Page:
• Thanks for the comment, Mark. I agree with several of your points. Yes, this was a quick post compiled from a bit of searching plus a bit of personal experience. I wasn’t trying to write a scientific treatise on Norton, and I was honestly hoping that someone(s) with more information would add that information via comment. I’ve been accused many times of self-editing myself to death. It seems that this time, in my effort not to do so, I offended you instead.
      Professional wine writers do not take great pains to print only positive reviews. This simply doesn’t match with my experience. Because I don’t like to offend specific individuals, I didn’t label my tasting notes with names of the specific wines. I will not say only nice things about everyone in the effort to make them like me. Doing so automatically ruins any credibility I might ever have, not to mention my own self-respect.
      I certainly could have contacted other better-educated folks to learn more about Norton, but I wasn’t trying to write about other people’s opinions on the grape. I was making a brief comment on my experience. I’ll certainly try other Norton wines in the future — like I try hybrid wines whenever they’re available, and sometimes find one that I like — but I think that there may just be something that doesn’t appeal to me about the grape. No need to take it personally; that’s just me. And, as you said, if no one reads this post, you as a Norton-supporter, have nothing to worry about my damaging anyone’s impressions of the grape.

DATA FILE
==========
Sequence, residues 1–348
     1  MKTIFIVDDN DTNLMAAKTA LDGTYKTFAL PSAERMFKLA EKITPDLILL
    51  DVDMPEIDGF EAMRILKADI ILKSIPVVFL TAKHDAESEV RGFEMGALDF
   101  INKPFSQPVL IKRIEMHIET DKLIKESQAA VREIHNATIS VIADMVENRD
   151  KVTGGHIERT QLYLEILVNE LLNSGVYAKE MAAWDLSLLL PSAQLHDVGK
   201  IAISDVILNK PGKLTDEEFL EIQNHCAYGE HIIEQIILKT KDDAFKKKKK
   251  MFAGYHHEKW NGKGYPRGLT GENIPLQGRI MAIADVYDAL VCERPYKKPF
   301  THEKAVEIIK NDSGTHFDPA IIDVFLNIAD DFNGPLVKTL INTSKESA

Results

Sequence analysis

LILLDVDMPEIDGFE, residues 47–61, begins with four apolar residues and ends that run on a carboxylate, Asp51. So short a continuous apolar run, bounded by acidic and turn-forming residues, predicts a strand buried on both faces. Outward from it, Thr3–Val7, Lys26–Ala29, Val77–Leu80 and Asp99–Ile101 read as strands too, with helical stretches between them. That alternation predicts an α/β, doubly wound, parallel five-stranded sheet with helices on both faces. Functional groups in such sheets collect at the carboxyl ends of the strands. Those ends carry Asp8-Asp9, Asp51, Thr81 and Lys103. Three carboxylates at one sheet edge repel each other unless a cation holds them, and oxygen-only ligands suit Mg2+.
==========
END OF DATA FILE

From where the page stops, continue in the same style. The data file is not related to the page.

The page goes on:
3. Sorry you weren’t able to try any of the Virginia Nortons. As a winemaker with experience in CA (10 years) and OR (2 years) and now in Virginia I will say that Norton is certainly different than vinifera-based wines. However, it does make very nice wines. There are several excellent versions in Virginia, please try it again!

    Todd Kliman’s book is an excellent read.

  4. Come on now. What would you say to a friend who said “wow, I tried three Chardonnays from one table at an event. Screw that, I’m done with chard.”

    Re: Norton as a wine for mopes, I think you’re looking at where Norton has been versus where it’s headed. It’s true that it was grown as a grape that was rugged, and you got what you got. It was probably something of a country bumpkin winery product, and fell out of favor as viticultural advances allowed vinifera to work. Those winemakers who have truly embraced it, however, are teasing out the complexity and nuance, taming the tartness and “grapeyness” that you find with Norton.

    As for bottle aging… Nebbiolo will change your religion if you get it aged, not young, and you’re probably on board with that. Having tried an ’03 Virginia Norton earlier this year, I have to say that age works some magic. It’s not hard to buy one bottle and put it away, labeled with “do not open till 2016.”

    Did you have the chance to try Chrysalis’ Locksely Reserve at the Monticello tasting? It’s a Norton-dominant blend that’s pretty awesome.

    Definitely check out Kliman’s book. It’s an easy, fun read with gobs of information.